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Incorporating Protection of Biodiversity into County Land Use Planning: A Gap Analysis Pilot Project in Pierce County, Washington

A Report on GAP Research
Project #1434-HQ-97-RU-01583


Washington Cooperative Fish and Wildlife Research Unit, School of
Fisheries, University of Washington, Seattle, Washington


Department of Urban Design and Planning, University of Washington,
Seattle, Washington


Department of Urban Design and Planning, University of Washington,
Seattle, Washington


Department of Urban Design and Planning, University of Washington,
Seattle, Washington


Department of Urban Design and Planning, University of Washington,
Seattle, Washington


Gap analysis is a process by which lands of high conservation pri-
ority are identified. The process uses land cover, wildlife/habitat
relationship models, and other data to predict the distribution of
wildlife species in a given geographic area. By overlaying land
cover and vertebrate distributions onto land ownership, cover types
and vertebrate species with poor representation on protected lands
are identified. Gap analysis is designed to be a proactive approach
to conservation, identifying important wildlife habitats or species
before they become threatened by habitat degradation or loss.

A gap analysis of Washington State was recently completed by the
Washington Gap Analysis Project (WA-GAP) (Cassidy et al. 1997).
However, additional work is needed to make this process an effec-
tive tool for local land use planning. Although the data from WA-
GAP have been summarized and analyzed at a statewide level, the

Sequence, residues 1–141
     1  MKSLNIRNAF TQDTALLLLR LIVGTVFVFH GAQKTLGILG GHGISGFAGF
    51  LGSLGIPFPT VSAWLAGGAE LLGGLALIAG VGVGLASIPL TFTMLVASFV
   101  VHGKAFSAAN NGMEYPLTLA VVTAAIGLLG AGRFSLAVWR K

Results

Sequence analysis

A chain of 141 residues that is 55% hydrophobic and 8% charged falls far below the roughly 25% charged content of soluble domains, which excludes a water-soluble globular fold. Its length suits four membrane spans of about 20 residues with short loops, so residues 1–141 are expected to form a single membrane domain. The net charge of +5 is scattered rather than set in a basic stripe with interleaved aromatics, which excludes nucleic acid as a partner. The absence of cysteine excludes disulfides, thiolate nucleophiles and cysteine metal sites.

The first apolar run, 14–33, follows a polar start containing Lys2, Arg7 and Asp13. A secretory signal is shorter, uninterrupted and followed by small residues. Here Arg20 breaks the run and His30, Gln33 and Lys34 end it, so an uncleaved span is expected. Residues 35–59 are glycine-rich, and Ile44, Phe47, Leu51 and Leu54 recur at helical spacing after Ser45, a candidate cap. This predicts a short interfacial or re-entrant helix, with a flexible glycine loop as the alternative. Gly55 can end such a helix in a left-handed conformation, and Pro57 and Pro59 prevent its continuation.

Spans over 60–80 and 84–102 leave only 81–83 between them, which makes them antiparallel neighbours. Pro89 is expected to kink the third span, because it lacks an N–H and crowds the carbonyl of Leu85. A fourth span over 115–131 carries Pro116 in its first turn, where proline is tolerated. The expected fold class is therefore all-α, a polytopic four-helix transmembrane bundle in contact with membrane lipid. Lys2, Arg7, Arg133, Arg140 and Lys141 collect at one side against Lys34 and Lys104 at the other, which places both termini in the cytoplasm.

analysis was conducted using ecoregions and vegetation zones,
which are not easily applied to local land use planning and habitat
conservation. Data must be significantly manipulated, analyzed,
and reinterpreted before they can be applied to the local land use
planning process.

The Department of Urban Design and Planning (UDP) at the Uni-
versity of Washington (through its Remote Sensing Applications
Laboratory), in cooperation with WA-GAP, is conducting an ongo-
ing program to develop procedures and materials supporting the
application of WA-GAP data and methodology to local land use
planning in Washington State. The intent of this work is to give
local planners, elected officials, and the public the tools they need
to incorporate biodiversity protection into their planning programs.
The initial pilot project of the program took place in Spokane County
in eastern Washington during 1997 and 1998 (Stevenson 1998, 1999;
Westerlund 1998). UDP and WA-GAP identified Pierce County as
an excellent location for a westside pilot project because of the
county’s broad range of habitat types and development densities,
current conservation issues, and existing planning and GIS infra-
structure. Funding and support for this project were provided by
Pierce County, Washington State Department of Fish and Wildlife
(WDFW), U.S. Fish and Wildlife Service, the USGS Biological
Resources Division (National Gap Analysis Program and Coopera-
tive Research Units), and the Rocky Mountain Elk Foundation.

Our Pierce County pilot project was conducted in collaboration with
Pierce County and WDFW and was executed in two phases. The
primary objective of Phase 1 (January - May 1999) was to review,
validate, and augment the county’s Open Space Implementation
Committee’s draft Open Space and Greenbelt Corridor Map by in-
corporating terrestrial biodiversity and salmonid habitat issues. The
analysis and products of this phase were broad in scale and appro-
priate for policy-level decision making. The objectives of Phase 2
(May - December 1999) were to develop the open space and
greenbelt system recommendations to a higher level of detail, present
a methodology for establishing and implementing a priority system
for habitat conservation and restoration, and prepare project docu-
mentation in both hard copy and digital formats.

The project team consisted of the authors and Kelly Cassidy and
Karen Dvornich (WA-GAP and NatureMapping), Katherine Rose,
Grant Griffin, Karen Trueman (Pierce County), and Michelle Tirhi

WA-GAP Conservation Priorities for Pierce County

The Puget Trough and Southwest Cascades ecoregions comprise
the majority of Pierce County. The lowland vegetation zones of the
Puget Trough ecoregion (Puget Sound Douglas Fir, Woodland/Prai-

rie Mosaic, Willamette Valley, and Cowlitz River) were identified
as among those with the highest priority for conservation in the